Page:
During this 5-week process, I also noted that on a few occasions the “AmazonMusicImporter” process in Windows would keep running and the memory usage would continue to increase even long after I closed the utility and stopped importing! This only seemed to happen when I was importing folders containing several thousand songs though. It never seemed to happen on smaller folders. Whenever this occurred, I noticed that the PC kept running very sluggishly until I ended the process using task manager. So all in all it was quite a chore, but I should never have to do it again, and I can rest assured that my entire collection is in the cloud, securely backed up and available for streaming, any time, anywhere.
The Android app itself is a little clunky, but it does have all of the functionality that I need, offering the ability to view “Cloud” and “Device” music separately, download entire albums or just songs to the device as needed, etc., etc, There’s also a web-based “Amazon Cloud Player” you can use for managing your playlists, albums and songs, and it offers many more features that I really like. It’s very quick and easy to make my playlists this way. They also have an installable app for the PC, also called “Amazon Clound Player”, but I don’t recommend it at all, at this point. For some reason, a lot of my music–and even some of my playlists–just don’t show up in this app, but they show up in the web-based app and on my phone, so I know they’re there. What the deal is, I have no idea. I can log out of the app, back in, tell it to re-check my cloud for new music, and I still have literally THOUSANDS of songs missing in that app. So for now I’ll still to web-based and Android versions, which work smoothly and “see” my entire music collection.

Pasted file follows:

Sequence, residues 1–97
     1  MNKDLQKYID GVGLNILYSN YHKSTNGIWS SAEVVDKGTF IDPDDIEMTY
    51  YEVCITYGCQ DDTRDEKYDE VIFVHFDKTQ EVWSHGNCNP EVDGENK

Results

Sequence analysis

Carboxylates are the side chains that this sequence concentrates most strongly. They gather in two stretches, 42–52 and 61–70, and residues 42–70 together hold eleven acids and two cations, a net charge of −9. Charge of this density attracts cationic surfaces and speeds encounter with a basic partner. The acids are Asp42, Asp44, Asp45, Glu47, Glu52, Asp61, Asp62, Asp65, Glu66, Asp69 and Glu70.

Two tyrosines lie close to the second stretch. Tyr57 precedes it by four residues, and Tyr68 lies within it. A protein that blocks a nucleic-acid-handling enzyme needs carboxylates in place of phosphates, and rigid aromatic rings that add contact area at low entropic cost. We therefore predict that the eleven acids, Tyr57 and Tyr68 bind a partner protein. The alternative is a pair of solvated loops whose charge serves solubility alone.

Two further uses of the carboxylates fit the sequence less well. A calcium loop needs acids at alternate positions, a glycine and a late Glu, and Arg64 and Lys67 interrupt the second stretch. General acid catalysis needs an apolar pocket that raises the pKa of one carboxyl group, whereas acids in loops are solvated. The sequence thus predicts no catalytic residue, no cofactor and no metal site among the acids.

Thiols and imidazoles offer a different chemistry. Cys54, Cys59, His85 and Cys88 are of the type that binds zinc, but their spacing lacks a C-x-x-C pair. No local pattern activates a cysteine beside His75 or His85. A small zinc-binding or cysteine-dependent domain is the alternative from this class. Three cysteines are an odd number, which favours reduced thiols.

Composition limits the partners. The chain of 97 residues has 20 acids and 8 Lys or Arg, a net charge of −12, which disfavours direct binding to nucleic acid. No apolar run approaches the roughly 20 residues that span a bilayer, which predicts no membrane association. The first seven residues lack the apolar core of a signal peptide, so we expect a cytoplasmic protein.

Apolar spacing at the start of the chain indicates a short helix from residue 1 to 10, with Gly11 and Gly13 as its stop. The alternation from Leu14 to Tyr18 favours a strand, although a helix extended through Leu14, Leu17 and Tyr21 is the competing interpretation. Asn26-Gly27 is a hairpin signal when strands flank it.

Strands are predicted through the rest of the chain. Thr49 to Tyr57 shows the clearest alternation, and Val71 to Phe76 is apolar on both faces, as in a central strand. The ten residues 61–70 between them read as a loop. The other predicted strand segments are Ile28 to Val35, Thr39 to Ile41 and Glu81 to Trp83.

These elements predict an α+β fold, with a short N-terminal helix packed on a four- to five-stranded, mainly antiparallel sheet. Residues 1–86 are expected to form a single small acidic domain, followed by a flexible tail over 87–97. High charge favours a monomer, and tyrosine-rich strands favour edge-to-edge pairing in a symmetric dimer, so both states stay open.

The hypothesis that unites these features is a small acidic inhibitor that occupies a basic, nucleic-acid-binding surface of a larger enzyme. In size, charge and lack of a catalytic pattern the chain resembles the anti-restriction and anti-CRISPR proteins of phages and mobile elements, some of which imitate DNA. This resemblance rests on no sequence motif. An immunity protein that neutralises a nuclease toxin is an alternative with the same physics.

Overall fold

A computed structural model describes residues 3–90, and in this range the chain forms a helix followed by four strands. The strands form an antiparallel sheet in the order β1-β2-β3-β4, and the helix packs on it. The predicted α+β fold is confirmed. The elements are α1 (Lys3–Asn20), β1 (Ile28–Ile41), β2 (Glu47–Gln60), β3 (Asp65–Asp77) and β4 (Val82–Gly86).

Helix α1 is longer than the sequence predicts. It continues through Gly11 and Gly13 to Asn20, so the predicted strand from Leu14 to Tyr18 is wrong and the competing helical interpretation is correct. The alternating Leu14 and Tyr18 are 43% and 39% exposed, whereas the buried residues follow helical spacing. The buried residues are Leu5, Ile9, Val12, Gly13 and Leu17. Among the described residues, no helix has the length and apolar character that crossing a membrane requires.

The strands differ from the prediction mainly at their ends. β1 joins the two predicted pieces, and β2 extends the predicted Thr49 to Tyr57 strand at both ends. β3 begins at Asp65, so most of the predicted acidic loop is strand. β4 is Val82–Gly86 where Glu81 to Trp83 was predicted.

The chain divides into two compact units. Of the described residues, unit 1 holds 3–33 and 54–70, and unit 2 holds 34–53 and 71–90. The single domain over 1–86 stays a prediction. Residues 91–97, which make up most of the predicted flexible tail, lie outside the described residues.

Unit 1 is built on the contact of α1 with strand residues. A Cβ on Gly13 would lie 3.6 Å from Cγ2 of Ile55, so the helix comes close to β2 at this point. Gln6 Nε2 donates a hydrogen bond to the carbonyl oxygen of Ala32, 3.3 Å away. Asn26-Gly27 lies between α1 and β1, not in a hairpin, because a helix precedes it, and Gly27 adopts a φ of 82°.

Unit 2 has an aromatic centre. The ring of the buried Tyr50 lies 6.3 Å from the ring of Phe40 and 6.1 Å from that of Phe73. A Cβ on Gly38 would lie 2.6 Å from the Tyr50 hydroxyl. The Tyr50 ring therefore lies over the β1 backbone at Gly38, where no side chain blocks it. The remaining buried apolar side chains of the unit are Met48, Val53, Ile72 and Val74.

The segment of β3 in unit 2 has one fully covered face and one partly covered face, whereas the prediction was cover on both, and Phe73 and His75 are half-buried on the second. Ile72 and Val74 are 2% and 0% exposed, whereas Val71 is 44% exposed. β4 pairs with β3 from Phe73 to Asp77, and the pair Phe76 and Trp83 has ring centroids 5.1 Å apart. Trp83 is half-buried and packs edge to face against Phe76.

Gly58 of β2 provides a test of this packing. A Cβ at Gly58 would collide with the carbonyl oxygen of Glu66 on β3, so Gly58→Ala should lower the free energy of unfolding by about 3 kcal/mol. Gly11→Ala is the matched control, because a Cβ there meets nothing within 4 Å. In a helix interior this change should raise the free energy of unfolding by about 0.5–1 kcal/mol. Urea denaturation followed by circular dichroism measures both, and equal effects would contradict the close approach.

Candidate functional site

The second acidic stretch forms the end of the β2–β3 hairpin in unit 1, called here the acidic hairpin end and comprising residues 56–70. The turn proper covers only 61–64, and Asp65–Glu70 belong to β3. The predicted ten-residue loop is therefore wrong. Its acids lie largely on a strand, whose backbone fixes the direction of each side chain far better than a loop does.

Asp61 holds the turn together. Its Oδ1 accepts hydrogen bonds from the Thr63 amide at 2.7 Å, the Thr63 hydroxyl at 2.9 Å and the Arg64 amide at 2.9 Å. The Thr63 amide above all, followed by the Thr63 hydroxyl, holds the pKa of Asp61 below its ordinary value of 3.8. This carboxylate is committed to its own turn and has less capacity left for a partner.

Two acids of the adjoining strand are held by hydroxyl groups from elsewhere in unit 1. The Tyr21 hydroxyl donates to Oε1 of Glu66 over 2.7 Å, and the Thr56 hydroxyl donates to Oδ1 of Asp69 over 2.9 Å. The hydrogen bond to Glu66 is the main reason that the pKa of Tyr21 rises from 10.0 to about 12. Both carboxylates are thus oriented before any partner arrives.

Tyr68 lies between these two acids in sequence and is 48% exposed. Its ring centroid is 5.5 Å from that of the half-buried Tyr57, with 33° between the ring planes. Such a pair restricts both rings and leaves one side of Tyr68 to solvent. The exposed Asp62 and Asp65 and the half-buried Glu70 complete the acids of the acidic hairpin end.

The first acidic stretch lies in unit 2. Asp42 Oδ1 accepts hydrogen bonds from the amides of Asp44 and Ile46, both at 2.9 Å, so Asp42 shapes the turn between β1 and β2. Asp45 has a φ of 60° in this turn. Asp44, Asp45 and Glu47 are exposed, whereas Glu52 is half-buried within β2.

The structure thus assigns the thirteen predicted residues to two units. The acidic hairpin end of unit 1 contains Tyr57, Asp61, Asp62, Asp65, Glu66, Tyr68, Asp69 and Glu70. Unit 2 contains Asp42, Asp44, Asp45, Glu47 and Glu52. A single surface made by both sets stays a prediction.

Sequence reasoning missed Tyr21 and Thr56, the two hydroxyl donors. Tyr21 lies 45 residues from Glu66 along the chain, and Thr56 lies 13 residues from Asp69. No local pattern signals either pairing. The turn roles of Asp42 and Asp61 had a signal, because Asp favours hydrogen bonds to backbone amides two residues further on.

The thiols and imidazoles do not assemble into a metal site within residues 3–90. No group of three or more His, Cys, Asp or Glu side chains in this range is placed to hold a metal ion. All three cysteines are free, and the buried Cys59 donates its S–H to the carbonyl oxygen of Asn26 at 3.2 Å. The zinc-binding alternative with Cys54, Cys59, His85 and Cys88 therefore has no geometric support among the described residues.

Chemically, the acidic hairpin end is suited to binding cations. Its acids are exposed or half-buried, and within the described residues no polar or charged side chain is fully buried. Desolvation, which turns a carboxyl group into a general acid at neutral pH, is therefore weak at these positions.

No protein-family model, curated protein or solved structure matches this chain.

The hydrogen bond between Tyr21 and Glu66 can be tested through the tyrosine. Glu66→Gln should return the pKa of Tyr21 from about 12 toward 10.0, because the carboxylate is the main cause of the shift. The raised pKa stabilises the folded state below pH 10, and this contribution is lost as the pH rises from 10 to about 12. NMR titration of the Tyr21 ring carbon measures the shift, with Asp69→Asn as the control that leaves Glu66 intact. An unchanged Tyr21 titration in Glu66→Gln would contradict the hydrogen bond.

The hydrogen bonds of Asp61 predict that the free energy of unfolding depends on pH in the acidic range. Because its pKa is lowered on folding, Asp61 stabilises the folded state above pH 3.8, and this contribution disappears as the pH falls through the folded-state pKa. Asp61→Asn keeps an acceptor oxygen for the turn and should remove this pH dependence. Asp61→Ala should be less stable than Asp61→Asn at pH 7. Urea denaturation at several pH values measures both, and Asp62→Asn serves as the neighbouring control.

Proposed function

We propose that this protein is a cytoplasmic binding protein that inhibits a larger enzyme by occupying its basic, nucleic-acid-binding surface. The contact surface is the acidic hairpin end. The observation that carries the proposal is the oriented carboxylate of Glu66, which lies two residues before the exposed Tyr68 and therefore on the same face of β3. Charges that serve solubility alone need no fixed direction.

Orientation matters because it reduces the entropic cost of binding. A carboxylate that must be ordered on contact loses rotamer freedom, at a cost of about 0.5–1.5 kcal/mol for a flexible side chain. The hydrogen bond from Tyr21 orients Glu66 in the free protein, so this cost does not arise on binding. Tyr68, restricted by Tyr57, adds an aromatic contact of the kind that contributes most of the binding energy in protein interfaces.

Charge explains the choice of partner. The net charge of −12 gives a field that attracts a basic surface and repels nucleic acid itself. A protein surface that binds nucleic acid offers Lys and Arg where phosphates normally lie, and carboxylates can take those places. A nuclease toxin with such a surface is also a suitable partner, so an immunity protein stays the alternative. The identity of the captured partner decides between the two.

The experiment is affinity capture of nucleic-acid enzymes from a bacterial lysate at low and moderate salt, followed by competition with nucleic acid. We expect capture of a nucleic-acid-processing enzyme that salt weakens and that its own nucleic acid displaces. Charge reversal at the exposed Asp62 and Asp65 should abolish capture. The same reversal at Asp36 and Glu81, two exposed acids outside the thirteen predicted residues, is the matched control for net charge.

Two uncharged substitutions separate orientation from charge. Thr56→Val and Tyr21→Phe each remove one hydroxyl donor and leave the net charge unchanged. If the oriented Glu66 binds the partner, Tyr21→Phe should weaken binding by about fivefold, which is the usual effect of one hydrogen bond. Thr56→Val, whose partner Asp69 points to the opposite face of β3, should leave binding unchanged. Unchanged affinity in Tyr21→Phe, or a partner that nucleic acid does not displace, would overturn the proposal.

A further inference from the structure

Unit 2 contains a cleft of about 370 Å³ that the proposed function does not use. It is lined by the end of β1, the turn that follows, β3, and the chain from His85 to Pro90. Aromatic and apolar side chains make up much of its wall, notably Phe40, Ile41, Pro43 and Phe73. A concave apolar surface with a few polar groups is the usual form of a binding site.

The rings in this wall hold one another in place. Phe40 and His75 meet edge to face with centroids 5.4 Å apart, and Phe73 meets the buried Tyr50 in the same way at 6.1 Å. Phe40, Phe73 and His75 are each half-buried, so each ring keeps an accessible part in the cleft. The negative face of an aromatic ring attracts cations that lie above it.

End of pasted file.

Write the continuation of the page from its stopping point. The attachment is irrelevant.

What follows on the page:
Hello. My name is Jim, and I’m a weather addict. I drool for the latest and greatest weather gadgets and apps. My Roku screensaver is an awesome weather app that gives me tons of weather information. But the Roku app isn’t why I’m posting right now. I found a new Android weather app that’s pretty cool. It’s called “Arcus“. It’s very “granular” and provides weather information in very clear terms, broken down to the next hour, next 24 hours, next week, temperature and precipitation graphing, etc. When it was mentioned on TWiG (this week in Google) they even said it will give you details such as “Rain will begin in 8 minutes.” I haven’t seen anything THAT granular yet, but it does give me almost everything I could ask for in a weather app…except animation! Those I get from Accuweather — another great weather app. Both apps are available in free and paid versions, offering a few more features and faster updating in the paid versions, and no ads. I highly recommend the paid versions. Click on any of the thumbnails to see a few screenshots.